The bank’s return to the office offers lessons on HR management
By 17 May, JPMorgan will open its US offices to all employees before the bank increases the number of workers who will once again operate on site. The move is yet another proof of Wall Street’s ambivalent stance towards the work-from-home revolution, according to industry observers.
JPMorgan was one of the first big banks to shift to WFH in March 2020, but the firm later called back bankers, traders, brokers and analysts to the office where they reported for duty throughout the pandemic. Offices remained open for the company’s essential workers.
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Being on site was crucial to maintaining the teams’ collaborative culture, CEO Jamie Dimon said. The top leader himself returned to working in the office last summer, but the company had to pull the plug on many of its back-to-office plans when an employee reportedly caught the virus, CNBC reported. Next month, it is looking to reopen its doors to more staff members and working towards a regular, albeit “rotational”, schedule of on-site operations.
“We would fully expect that by early July, all US-based employees will be in the office on a consistent rotational schedule, also subject to our current 50% occupancy cap,” the company announced in a memo. “With this timeframe in mind you should start making any needed arrangements to help with your successful return. Each line of business will work with their managers and location leaders to determine an appropriate schedule.”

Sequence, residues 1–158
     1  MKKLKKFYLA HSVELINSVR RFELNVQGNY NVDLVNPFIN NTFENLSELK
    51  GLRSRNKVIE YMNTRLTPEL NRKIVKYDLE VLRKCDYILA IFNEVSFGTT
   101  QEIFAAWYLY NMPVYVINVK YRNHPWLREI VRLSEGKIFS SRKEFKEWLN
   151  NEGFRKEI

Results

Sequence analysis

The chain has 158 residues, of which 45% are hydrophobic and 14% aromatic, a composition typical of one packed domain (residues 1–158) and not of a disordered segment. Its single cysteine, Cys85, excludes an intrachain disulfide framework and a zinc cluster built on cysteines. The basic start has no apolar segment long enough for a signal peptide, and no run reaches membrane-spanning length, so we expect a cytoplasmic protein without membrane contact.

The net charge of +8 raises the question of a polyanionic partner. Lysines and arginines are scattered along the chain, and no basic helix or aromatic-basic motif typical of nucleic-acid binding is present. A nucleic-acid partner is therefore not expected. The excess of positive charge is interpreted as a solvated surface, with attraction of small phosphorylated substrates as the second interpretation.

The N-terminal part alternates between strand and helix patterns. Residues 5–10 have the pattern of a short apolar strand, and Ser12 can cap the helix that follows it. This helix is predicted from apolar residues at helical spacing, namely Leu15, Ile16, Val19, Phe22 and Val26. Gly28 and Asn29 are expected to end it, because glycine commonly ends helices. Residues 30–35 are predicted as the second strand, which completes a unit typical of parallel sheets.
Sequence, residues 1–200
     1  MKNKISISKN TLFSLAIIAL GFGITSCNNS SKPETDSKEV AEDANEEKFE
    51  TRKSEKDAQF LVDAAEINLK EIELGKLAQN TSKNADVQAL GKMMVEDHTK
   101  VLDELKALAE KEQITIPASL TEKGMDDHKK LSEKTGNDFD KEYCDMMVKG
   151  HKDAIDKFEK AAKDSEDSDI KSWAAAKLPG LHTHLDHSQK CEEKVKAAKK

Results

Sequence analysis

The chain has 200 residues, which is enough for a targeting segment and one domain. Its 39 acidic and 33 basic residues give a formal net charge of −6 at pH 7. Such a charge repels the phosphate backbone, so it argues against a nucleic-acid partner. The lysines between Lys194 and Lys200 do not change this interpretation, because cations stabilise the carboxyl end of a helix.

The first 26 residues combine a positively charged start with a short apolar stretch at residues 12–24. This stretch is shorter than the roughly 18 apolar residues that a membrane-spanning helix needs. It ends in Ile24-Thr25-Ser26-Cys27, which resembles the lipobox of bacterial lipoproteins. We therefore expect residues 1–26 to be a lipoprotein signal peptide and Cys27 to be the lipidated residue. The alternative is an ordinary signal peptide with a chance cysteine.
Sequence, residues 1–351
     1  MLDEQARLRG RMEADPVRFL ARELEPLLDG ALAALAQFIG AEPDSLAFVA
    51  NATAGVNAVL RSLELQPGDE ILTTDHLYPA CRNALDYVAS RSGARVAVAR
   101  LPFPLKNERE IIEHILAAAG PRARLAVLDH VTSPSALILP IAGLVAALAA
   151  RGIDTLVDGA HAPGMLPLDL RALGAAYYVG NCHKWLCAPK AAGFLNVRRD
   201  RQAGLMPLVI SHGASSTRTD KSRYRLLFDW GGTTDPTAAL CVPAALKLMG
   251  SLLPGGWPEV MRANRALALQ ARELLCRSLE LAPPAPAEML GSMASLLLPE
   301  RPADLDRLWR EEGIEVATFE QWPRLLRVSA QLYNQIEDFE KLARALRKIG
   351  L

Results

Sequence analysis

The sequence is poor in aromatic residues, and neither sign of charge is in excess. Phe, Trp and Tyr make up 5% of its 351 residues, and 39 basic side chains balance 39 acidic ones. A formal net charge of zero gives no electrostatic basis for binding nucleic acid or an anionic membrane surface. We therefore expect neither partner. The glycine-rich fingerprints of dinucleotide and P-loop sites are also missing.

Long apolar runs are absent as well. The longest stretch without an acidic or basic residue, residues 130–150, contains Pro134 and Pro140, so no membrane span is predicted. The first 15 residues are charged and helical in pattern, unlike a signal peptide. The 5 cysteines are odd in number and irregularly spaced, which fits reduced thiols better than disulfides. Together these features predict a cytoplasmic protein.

The bank also underscored the importance of employees getting vaccinated against COVID-19 and “strongly encouraged” staff to take the shot. However, it also clarified: “vaccination is not required in order to return to the office at this time”.
While the bank has issued back-to-office guidelines, it also forecasts 10%, or about 25,000, of its employees would continue working remotely on a full-time basis permanently. Meanwhile, others could shift into a hybrid mode reporting to work in the office from time to time.
“Generally speaking, we envision a model that will find many employees working in a location full time. That would include nearly all of the employees in our retail bank branches, as well as jobs in check processing, vaults, lockbox, sales and trading, critical operations functions and facilities, amenities, security, medical staff and many others,” Dimon said.
“And a small percentage of employees, maybe 10%, will possibly be working full time from home for very specific roles,” the CEO added. “In all cases, these decisions depend upon what is optimal for our company and our clients, and we will extensively monitor and analyse outcomes to ensure this is the case.”